“We’ll be releasing more details about the pavers in the coming weeks,” he said.

    Construction works continues infront of gorilla village to build a elegant courtyard or something more?

    Construction works continues infront of gorilla village to build a elegant courtyard or something more?

  • Fort Scott college leader pushed out

    Faculty president cites association vote of no confidence

    | Marcus Clem reporter |

    Fort Scott Community College has a longstanding partnership with Pittsburg State, but disagreements over talks last year to forge a merger between the two schools played a role in FSCC’s recent leadership change.
    On July 30, Clayton Tatro, FSCC president, reached an agreement with the college’s Board of Trustees to vacate his office.
    The agreement came shortly after Tatro received a vote of no confidence from the Fort Scott College Association of Professional Employees (FSCAPE), which represents the college’s faculty.
    Any specific incidents that provoked the change are being kept private and Tatro declined to comment for this story.
    Steve Scott, university president, offered several comments on the matter, saying he anticipates that Pitt State will continue to work “in a very positive way” with FSCC.
    “When I heard the news that Dr. Tatro was stepping down, I felt bad for him,” Scott said. “While he probably had some missteps along the way, as we discussed the possibility of merging the two institutions, I thought his motives were good.
    “Fundamentally, he wanted to see FSCC’s future be more secure and, to him, that meant finding a larger partner. That partner could assist with resources and provide greater stability over the long term.”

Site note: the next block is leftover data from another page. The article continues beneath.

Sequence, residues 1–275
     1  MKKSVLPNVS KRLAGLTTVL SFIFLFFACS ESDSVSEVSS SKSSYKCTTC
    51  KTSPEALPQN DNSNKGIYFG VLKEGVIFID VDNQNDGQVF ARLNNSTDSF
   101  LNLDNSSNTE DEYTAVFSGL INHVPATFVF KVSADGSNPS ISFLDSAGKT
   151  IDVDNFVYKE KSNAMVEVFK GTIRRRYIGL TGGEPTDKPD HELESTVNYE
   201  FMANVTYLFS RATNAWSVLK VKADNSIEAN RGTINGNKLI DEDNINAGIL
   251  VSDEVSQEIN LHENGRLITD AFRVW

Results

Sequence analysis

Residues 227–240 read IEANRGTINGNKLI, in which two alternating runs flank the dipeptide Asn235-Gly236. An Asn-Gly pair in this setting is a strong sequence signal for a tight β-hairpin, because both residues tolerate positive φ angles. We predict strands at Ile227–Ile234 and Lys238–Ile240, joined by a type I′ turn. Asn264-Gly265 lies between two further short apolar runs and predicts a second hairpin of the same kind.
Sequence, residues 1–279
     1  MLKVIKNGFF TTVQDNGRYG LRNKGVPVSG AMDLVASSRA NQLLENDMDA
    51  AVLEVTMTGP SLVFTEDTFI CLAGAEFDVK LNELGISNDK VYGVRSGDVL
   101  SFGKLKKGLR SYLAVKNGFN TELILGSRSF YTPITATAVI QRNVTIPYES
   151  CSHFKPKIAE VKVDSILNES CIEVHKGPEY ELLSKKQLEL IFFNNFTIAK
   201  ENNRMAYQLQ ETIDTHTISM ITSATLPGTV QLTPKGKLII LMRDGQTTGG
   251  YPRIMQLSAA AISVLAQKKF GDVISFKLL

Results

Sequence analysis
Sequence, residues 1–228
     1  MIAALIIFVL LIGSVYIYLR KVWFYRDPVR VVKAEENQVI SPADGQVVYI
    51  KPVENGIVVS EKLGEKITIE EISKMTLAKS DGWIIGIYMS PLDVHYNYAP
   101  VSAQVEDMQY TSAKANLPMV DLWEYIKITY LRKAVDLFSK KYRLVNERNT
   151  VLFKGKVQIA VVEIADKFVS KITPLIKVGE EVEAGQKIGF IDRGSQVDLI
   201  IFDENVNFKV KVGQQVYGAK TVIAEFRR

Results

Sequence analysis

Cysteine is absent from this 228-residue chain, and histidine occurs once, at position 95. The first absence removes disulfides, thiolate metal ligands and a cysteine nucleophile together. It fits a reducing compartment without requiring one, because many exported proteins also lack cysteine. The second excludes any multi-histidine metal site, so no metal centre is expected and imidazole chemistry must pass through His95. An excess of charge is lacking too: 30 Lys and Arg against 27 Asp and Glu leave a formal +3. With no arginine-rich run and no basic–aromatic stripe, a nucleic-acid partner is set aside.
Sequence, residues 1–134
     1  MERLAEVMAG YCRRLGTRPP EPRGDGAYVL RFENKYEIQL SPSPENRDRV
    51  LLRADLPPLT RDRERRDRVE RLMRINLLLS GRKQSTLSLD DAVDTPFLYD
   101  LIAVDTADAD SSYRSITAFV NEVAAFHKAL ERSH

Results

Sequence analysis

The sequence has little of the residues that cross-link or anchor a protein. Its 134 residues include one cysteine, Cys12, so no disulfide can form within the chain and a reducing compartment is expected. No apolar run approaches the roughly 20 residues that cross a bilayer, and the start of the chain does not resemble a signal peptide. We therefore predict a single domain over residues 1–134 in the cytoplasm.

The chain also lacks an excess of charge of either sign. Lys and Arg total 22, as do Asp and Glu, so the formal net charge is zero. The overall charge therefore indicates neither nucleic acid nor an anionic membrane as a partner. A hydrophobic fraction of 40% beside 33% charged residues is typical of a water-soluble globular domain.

Pitt State connection

    Elie Riachi, FSCAPE president and Fort Scott professor of physical science, said in July that one issue has been what he perceived to be a lack of proper information about fall 2013’s meetings involving Scott and Tatro.
    “I do not know if that had anything to do with the vote of no confidence,” Riachi said. “It was not made clear to us, the details of that. We didn’t get the whole picture. We didn’t know if this was a merger, what classes will be taught there, what here. Nothing. So, it may have played a little role.”
    Scott says that he wasn’t involved with the sharing of information on the matter to Fort Scott employees.
    “Whatever was or wasn’t shared on the FSCC campus would not have been up to me, nor do I have any insights as to how that worked or didn’t,” he said. “Clearly, the faculty were unhappy, and that’s something that should be taken very seriously.
    “Although I don’t think community college faculty would be poorly served by a merger – in fact, I think they would have some immediate gains – I do understand the trepidation with which they would view the talks.”
    In general, Riachi said, poor working relations between Tatro and the faculty drove FSCAPE members to their decision.
    “I guess we pretty much tried to keep it capped,” Riachi said. “But things became unbearable at a certain point. There was a very strong push within the faculty to do this and that’s how we got the vote.
    “There were many incidents. My phone started to ring off the hook. People said, ‘We need to do this. We need to do this now.’ I said, ‘OK, I’m on board.’”
    The Pitt State-FSCC talks ended in October 2013 after a unanimous vote by the trustees. This did not affect current agreements between the two, such as free transfer of credit hours or on-campus residency options for FSCC students.